The Ofi Press Magazine

International Poetry and Fiction from Mexico City

Jair Cortés: Poetry in Translation

Poetry by Jair Cortés (Mexico)

From Dispersaría. 

Translated by Don Cellini (USA)

Published in issue 39 of The Ofi Press

 
Fósiles (iii)/ Fossils (III)

Fósiles (iii)

 

Tarde se descubre la primera arruga.

Tarde, demasiado tarde,

cuando demasiado es un don en lo fugaz.

Tarde es en la nuca

de quien se recuesta para morir profundo

sobre el pecho de su tumba.

 

  Fossils (III)

 

The first wrinkle was discovered late.

Too late,

when too late is a fleeting gift.

Late is in the nape of the neck

of the one who lies down for a deep death

on the breast of his grave.

 

Fósiles (i)/ Fossils (I)

Fósiles (i) 

Para Omar Martínez Verde

 

 

Atardecemos.

El arco de la luz se disuelve lento.

¿Qué son las alas y para qué sirven?

 

Por la piel escurre el ámbar,

la edad que llegará cuando dejemos el frio en simple sensación,

cuando los trópicos existan sólo para los hijos de nuestros hijos,

cuando el dinosaurio sea la escama de la tierra

y nosotros fósiles,

cuna de petróleo;

acaso cuna de nostalgia.

 

  Fossils (I)

 

 

 

We become dusk.

The arc of light slowly dissolves.

What are wings and what are they for?

 

Amber drains through the skin,

an age will come when we give in to the simple sensation of cold,

when the tropics exist only for the children of our children,

when the dinosaur is a scale of the earth

and we fossils,

cradle of oil;

perhaps cradle of nostalgia.

 

Fósiles (iv)/ Fossils (IV)

 Fósiles (iv)

 

Dicen que las alas son un instante,

una mueca gris,

tardía

y son quizá el destino vegetal de la libélula,

los brazos de una nave antigua,

los remos de la barca perdida en el fallido cálculo

            de su destino.

 

Yo digo que las alas

en algún tiempo fueron campanas,

volaron alto

y descendieron para morir en los oscuros pozos.

 

Yo digo que las alas no existen,

porque la tarde es un instrumento de la memoria para recordar la vida.

Un espejismo.

Una silueta en el colmo de la mente.

 

Dicen que las alas son quizá el último beso en la frente del naufrago.

 

Dicen de las alas,

 

y de nosotros,

    viejos sueños,

fósiles y sin alas,

nadie,

nadie dirá nada.

 

 

Fossils (IV)

They say that wings are but an instant,

a grey grimace,

late

and perhaps the vegetable destination of the dragonfly,

the arms of an ancient ship,

the oars of the boat lost in the failed calculation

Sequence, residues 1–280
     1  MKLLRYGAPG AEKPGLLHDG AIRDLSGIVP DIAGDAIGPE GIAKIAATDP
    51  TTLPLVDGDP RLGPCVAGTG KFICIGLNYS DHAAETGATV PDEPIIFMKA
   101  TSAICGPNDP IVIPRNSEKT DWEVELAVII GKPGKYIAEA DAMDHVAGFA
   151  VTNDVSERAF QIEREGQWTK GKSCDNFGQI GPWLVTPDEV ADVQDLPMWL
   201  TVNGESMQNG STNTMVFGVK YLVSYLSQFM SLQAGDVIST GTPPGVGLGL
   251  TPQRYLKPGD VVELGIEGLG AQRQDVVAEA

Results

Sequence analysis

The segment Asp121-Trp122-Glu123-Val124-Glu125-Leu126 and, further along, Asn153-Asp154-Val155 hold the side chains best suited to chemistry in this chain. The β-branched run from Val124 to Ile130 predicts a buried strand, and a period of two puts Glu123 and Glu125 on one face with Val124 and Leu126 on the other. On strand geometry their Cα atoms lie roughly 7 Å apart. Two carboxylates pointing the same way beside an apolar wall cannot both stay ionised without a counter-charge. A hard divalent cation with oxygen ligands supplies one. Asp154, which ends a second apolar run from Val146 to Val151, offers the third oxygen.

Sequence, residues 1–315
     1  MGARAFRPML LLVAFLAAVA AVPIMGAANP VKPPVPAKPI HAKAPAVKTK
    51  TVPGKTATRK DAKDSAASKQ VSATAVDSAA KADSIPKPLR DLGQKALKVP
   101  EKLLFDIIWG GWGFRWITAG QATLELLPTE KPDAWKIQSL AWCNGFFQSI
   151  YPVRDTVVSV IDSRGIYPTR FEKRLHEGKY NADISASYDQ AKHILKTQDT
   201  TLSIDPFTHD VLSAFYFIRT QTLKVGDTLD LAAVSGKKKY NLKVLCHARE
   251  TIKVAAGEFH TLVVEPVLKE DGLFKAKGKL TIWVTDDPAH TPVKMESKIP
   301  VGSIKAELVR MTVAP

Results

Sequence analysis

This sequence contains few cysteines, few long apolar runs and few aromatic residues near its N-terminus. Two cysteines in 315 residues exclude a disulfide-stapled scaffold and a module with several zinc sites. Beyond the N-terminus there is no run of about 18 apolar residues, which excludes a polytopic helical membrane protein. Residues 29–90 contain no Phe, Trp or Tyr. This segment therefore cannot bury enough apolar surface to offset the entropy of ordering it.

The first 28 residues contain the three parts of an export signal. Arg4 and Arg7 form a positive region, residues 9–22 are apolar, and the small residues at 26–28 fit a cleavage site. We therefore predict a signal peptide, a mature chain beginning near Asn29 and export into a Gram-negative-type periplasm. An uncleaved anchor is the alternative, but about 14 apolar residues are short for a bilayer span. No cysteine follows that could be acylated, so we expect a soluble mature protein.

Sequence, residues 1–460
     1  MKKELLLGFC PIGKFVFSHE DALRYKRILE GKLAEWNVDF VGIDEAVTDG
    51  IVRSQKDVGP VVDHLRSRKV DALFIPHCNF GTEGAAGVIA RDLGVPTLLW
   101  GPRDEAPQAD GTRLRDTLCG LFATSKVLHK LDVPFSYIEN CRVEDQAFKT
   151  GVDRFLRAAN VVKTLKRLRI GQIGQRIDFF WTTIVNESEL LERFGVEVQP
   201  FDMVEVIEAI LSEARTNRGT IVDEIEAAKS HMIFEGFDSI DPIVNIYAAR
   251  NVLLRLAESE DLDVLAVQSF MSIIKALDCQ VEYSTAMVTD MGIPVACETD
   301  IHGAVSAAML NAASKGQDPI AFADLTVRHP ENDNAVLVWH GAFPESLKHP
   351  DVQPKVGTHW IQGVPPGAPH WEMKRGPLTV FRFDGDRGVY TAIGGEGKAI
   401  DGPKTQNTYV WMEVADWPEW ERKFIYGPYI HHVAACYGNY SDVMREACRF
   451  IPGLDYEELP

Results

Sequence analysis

of its destination.

 

I say that wings

at one time were bells,

that flew high

and came down to die in dark wells.

 

I say that wings don’t exit,

because evening is an instrument of memory to recall life.

A mirage.

A silhouette in the height of the mind.

 

They say that wings are perhaps the final kiss on the forehead of the

 shipwrecked sailor.

 

They say that about wings,

 

and all of us,

    old dreams,

fossils and without wings.

No one,

no one will say anything.

About the Poet

Jair Cortés was born in Calpulalpan, Tlaxcala, Mexico in 1977.  Poet, translator and essayist.  Professor of Mexican Literature at the Benemérita Autonomous University of Puebla.  He began his literary activities during his adolescence in Txpan, Veracruz.  Currently he is a columnist for the cultural supplement La Jornada Weekly with the paper La Jornada.  He has received grants from the Mexican Foundation for Literature (2003-2004) and from the National Fund for Culture and Arts (2009-2008 and 2009-2010)  His work has been published in both print and electronic media with both national and international circulation and it has been included in various Mexican and Latin American anthologies.  He is the author of A la Luz de la sangre (1999), Tormental (2001), Dispersario (2001), Contramor (2003) Caza (for which he received the National Poetry Prize “Efraín Huerta” 2005) and Enfermedad de Talking (2008).  His book Historia solar won the 55th Juegos Florales Nacionales de Ciudad del Carmen in 2013.  He is a translator of contemporary Brazilian poetry and, with Mario Bojórquez and Alí Calderón, founded the digital review Círculo de Poesía (www.circulodepoesia.com). His works have been translated into several languages including Portuguese, Nahuatl, English, Maya, Yucatecan Maya, Tsotsil, French and Catalan.

Image of fossil by Antoni Lacasa-Ruiz.